Pushing Play: Carter steams home

Shayne Carter plays at the University of Otago with Dimmer in 2005. Photo by Craig Baxter.
Shayne Carter plays at the University of Otago with Dimmer in 2005. Photo by Craig Baxter.
Former Dunedin musician Shayne P. Carter has been one of record label Flying Nun's brightest stars.

These days he's based in Auckland, but he's in the South this weekend with his latest project, "Last Train To Brockville", a look back at nearly 30 years of songwriting. The show is part of the Flying Nun 30th birthday celebrations.

Carter has performed the show in Auckland but is looking forward to bringing it home.

"It's where nearly all the songs in the set stemmed from so it means a lot to me to be able to go home and play that material. All that music has a lot of associations for me - people, specific times and places, various occurrences and events ... so it's pretty special for me to be able to take it back to that environment."

Carter says he is pleased with the band he's bringing to town.

"Mr Gary Sullivan on drums. Mr Vaughan Williams on bass. A power trio. The material really works in that context."

Carter has been on and off Flying Nun's books, but is good with playing for the birthday.

"Flying Nun did the first two Dimmer singles - Crystalator and Don't Make Me Buy Out Your Silence - which was quite some time ago now, so I haven't had anything to do with Flying Nun in a practical sense for a while. (Then again it didn't exist really for quite a long time did it? )

"Yeah, I had my ups and downs with the label but I guess you do with any person or entity you have that kind of long-term relationship with. But I feel pretty comfortable with where we sit in each other's story."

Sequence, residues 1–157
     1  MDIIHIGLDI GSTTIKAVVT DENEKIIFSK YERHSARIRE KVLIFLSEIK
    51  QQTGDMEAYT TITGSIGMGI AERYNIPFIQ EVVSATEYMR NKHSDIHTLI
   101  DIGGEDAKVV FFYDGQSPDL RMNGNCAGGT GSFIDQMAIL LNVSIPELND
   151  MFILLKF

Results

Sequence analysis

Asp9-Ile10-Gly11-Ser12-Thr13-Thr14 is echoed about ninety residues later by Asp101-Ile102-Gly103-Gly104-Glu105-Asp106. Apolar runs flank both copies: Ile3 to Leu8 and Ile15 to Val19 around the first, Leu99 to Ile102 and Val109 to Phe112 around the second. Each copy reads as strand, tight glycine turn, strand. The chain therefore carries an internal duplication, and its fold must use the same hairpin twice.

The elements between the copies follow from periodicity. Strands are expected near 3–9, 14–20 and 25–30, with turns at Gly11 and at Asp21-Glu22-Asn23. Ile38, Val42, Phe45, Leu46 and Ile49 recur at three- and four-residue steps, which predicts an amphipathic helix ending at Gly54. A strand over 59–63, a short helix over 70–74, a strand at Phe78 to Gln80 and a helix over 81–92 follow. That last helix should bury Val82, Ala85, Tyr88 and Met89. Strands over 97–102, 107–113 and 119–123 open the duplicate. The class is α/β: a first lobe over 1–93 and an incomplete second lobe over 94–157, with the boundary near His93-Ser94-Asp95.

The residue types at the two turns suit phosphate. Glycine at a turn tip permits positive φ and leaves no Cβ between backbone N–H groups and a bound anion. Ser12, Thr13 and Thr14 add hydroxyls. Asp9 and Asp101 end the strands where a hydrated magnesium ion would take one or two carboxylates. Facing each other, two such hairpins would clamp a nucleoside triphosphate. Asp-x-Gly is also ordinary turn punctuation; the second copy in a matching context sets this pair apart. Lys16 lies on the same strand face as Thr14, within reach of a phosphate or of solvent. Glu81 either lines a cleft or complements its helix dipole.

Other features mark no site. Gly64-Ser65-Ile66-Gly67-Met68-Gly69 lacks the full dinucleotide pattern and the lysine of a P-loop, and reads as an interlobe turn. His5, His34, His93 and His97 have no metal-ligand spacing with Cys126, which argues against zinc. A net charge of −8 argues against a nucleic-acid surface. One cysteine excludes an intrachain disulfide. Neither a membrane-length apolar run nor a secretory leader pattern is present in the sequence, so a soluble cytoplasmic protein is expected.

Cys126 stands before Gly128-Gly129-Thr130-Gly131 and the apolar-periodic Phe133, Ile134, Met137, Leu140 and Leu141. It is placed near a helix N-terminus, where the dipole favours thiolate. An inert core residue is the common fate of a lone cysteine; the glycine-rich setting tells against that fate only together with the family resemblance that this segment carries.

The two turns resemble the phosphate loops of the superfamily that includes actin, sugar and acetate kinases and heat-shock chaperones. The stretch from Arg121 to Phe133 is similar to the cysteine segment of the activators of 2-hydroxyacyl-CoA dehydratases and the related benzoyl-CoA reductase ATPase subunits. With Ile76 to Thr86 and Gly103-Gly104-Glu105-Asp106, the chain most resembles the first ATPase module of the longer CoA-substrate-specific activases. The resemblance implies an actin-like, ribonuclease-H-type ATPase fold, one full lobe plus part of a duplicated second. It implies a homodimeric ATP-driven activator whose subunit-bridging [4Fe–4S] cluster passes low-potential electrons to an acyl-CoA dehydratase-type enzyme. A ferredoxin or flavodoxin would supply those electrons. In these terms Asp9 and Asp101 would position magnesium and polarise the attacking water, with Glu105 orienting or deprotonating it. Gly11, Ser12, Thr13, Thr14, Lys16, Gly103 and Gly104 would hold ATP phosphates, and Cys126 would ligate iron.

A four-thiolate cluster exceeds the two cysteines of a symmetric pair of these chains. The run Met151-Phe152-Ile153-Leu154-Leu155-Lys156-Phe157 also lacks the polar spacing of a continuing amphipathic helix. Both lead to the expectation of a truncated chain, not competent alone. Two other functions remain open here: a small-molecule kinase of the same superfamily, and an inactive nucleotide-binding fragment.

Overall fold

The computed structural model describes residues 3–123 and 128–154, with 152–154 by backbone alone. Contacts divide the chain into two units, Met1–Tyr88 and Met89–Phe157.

During his time in Dunedin, Carter was a founding member of three of the city's more notable bands - Bored Games, Double Happys and Straitjacket Fits - and penned some top tunes, with titles such as Joe 90, Randolph's Going Home, Needles and Plastic, Big Fat Elvis and If I were you.

Shayne P. Carter plays Sammy's, in Dunedin, tonight with Ghost Club and Popstrangers.

In town
Auckland songstress Lisa Crawley has performed all over the world, and seems equally at home in five star hotels in Japan, the VIP Lounge at The Ritz in London, and grungy pubs back home in New Zealand.

Her sweet and sour brand of indie pop has seen her open for John Mayer and Jools Holland, and she was the youngest member to perform in "Give it a Girl" alongside top songwriters Sharon O' Neil, Annie Crummer and Julia Deans.

Crawley's inspirations include Cat Power, Regina Spektor, Bic Runga, Feist, and many more.

Typically heard entertaining crowds with her piano playing, Lisa is just as au fait with a variety of other instruments including the guitar, melodica, clarinet, glockenspiel, recorder and omnichord.

Her sound is said to incorporate elements of jazz, country, pop and indie.

Lisa Crawley visits Dunedin on her debut album tour on Friday for a gig at Chick's with Dunedin's own Delgirl.

 

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